Former Joplin middle school teacher Amanda Schweitzer has become part of a disturbing and yet difficult to explain trend: female teachers accused of initiating sex with their male students, in Schweitzer’s case with three middle school students.

The 37-year-old Schweitzer was not the only female Missouri teacher so accused in 2017. In June of that year, Loryn Barclay, 24, a paraprofessional in the Monett School District not far from Joplin, was arrested for having multiple sexual encounters with an underage student in her car and in his home.

Amanda Schweitzer is not a happy camper.

In April 2017, Schweitzer was arrested on charges of child kidnapping, first-degree statutory rape and first-degree statutory sodomy. Now she and the Joplin School District are being sued by the parents of two of the victims. As in virtually all cases involving sexual abuse within public schools, the media make little effort to investigate the case as anything but an isolated incident.

Although the lawsuit against the Joplin School District cites the Missouri Human Rights Act, alleging the district “failed to take steps to prevent sexual assault and sexual harassment by its faculty,” the principal and superintendent are not mentioned by name in media accounts. Catholic school authorities enjoy no such media protection.

In the suit against the school district, Schweitzer is accused of “grooming” the three boys, all under 15, in early 2017. This included sending sexually suggestive messages through social media, running her fingers through a student’s hair, and nibbling on a student’s ear. The lawsuits allege several other incidents of sexual misconduct by Schweitzer with the three boys, including “unwanted sexual touching” in the middle school classroom.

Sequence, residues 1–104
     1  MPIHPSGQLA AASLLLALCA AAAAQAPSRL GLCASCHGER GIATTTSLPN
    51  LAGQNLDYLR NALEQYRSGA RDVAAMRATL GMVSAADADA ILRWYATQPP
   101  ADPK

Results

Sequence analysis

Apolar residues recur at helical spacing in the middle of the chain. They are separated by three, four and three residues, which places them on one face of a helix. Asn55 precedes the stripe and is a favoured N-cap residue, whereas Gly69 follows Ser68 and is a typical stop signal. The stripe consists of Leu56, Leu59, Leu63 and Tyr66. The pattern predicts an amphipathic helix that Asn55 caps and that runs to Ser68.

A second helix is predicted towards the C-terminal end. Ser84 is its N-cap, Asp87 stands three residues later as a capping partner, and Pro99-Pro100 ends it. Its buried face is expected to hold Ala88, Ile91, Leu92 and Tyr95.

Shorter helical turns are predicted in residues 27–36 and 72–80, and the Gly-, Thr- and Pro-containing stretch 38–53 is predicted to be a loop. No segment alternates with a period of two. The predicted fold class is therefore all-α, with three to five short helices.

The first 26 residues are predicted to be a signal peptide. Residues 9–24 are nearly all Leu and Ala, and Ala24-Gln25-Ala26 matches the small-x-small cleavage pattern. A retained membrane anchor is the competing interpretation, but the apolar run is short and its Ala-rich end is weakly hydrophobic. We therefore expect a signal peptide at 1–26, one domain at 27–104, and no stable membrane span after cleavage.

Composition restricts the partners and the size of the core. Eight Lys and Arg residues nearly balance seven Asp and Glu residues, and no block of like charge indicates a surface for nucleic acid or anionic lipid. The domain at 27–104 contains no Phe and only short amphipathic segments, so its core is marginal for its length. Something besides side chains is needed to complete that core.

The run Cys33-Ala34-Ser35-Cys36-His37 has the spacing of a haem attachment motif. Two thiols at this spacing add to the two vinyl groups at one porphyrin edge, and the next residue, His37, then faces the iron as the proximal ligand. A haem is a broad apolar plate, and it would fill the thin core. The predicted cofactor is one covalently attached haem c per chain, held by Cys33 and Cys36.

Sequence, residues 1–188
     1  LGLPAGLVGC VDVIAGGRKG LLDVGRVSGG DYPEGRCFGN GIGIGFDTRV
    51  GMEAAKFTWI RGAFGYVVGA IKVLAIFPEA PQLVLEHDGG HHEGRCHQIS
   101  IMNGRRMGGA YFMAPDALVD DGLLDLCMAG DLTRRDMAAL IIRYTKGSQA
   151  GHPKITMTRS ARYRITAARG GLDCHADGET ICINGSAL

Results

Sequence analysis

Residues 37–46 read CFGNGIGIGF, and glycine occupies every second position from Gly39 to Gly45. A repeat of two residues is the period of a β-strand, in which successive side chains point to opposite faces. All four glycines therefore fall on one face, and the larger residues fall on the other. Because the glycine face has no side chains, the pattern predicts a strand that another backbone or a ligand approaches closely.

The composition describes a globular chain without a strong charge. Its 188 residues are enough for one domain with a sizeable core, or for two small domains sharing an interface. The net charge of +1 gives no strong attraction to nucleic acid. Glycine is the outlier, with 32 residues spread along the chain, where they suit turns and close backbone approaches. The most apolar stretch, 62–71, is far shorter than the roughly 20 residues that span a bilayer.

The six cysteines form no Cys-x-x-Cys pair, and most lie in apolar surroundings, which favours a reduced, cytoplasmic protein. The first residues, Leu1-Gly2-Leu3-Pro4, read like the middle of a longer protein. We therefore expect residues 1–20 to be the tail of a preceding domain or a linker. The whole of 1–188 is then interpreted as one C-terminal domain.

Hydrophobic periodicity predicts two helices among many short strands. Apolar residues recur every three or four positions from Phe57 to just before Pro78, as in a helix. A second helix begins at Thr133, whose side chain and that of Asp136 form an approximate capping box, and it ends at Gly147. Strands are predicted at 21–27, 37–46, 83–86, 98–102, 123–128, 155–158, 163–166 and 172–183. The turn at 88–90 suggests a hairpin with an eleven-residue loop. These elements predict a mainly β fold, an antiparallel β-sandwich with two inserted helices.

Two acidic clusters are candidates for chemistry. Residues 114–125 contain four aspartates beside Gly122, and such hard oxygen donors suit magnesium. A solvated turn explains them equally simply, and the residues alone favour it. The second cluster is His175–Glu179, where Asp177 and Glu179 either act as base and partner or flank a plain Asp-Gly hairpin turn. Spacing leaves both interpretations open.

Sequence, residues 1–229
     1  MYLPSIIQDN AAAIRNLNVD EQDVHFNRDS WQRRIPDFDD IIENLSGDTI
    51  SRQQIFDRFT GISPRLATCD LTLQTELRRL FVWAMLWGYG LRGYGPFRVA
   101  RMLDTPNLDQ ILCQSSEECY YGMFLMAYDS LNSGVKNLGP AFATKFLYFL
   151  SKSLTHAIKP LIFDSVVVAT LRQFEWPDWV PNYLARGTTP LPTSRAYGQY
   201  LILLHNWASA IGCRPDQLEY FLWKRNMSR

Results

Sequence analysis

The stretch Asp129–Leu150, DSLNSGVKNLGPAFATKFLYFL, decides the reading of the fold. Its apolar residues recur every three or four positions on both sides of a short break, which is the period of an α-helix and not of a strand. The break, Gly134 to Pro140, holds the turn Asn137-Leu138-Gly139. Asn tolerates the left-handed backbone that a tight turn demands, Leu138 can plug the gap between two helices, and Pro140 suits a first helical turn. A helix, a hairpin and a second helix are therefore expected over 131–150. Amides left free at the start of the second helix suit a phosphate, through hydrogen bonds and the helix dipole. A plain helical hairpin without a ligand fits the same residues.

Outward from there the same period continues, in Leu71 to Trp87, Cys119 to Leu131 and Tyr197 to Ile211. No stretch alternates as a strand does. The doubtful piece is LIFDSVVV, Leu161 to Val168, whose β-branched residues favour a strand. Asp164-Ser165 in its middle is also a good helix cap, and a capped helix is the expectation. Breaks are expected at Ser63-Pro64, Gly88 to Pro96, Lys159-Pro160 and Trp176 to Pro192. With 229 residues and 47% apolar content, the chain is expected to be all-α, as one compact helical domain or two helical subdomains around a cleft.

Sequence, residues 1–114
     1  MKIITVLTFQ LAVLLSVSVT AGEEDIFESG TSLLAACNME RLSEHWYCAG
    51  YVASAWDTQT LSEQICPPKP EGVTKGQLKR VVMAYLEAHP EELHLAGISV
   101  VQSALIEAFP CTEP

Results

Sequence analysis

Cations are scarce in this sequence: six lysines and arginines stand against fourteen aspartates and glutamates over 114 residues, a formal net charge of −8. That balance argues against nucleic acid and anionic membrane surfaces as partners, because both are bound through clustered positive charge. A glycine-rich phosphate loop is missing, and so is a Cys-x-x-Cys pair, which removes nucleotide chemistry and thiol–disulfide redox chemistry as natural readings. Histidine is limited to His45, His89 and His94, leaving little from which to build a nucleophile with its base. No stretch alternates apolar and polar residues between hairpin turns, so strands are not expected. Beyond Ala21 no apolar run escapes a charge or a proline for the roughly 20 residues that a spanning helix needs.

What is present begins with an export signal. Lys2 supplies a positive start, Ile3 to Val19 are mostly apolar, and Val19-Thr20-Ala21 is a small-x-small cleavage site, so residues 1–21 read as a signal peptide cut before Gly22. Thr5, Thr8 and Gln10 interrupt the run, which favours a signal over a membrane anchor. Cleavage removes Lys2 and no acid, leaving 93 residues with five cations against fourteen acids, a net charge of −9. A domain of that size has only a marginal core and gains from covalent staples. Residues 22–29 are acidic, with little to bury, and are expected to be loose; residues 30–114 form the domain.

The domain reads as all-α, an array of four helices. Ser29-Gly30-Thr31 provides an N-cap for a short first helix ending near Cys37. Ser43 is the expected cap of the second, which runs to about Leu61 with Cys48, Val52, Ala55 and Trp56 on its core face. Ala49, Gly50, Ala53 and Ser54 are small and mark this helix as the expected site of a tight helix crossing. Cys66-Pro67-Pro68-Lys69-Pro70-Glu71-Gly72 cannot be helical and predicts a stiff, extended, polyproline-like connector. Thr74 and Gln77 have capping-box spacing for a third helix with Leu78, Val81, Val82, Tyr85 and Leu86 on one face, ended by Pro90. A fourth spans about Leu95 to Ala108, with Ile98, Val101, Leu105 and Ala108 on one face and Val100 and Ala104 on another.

The Amanda Schweitzer one meets on Facebook seems benign enough, but she shows no obvious interest in education. She seems consumed instead by her apparent sideline in eyelash care.

According to the Center for Sex Offender Management, about one-third of the 800 or so of the teachers prosecuted in 2014 for having sex with students were females. “Its roots are based on the ‘power’ that the female teacher has, a position of dominance and control,” explained Dr. Domenick Sportelli.

Whatever its basis, women have enjoyed a double standard in the courts when it comes to prosecution for sexually abusing minors. Although men implicitly understand the reason for the double standard, it is becoming increasing hard to justify in a world in which “equality” is king.

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